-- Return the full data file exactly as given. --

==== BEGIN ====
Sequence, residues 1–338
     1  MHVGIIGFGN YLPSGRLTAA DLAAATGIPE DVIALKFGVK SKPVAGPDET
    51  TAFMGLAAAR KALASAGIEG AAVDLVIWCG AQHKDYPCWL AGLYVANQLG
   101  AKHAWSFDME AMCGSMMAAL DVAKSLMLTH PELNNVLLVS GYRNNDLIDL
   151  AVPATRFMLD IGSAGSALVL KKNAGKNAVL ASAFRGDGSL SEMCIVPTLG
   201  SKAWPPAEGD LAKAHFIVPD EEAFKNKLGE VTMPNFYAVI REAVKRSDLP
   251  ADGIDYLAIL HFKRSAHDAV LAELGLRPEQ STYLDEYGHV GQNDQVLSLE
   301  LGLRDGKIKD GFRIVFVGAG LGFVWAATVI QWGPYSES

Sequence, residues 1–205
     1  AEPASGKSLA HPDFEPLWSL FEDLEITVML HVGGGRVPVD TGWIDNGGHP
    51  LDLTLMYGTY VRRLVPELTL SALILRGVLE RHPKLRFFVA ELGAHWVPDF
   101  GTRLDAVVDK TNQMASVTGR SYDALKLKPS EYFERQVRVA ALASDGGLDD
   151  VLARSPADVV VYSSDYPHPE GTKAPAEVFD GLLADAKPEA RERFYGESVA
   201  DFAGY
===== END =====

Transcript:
Sequence, residues 1–338
     1  MHVGIIGFGN YLPSGRLTAA DLAAATGIPE DVIALKFGVK SKPVAGPDET
    51  TAFMGLAAAR KALASAGIEG AAVDLVIWCG AQHKDYPCWL AGLYVANQLG
   101  AKHAWSFDME AMCGSMMAAL DVAKSLMLTH PELNNVLLVS GYRNNDLIDL
   151  AVPATRFMLD IGSAGSALVL KKNAGKNAVL ASAFRGDGSL SEMCIVPTLG
   201  SKAWPPAEGD LAKAHFIVPD EEAFKNKLGE VTMPNFYAVI REAVKRSDLP
   251  ADGIDYLAIL HFKRSAHDAV LAELGLRPEQ STYLDEYGHV GQNDQVLSLE
   301  LGLRDGKIKD GFRIVFVGAG LGFVWAATVI QWGPYSES

Sequence, residues 1–205
     1  AEPASGKSLA HPDFEPLWSL FEDLEITVML HVGGGRVPVD TGWIDNGGHP
    51  LDLTLMYGTY VRRLVPELTL SALILRGVLE RHPKLRFFVA ELGAHWVPDF
   101  GTRLDAVVDK TNQMASVTGR SYDALKLKPS EYFERQVRVA ALASDGGLDD
   151  VLARSPADVV VYSSDYPHPE GTKAPAEVFD GLLADAKPEA RERFYGESVA
   201  DFAGY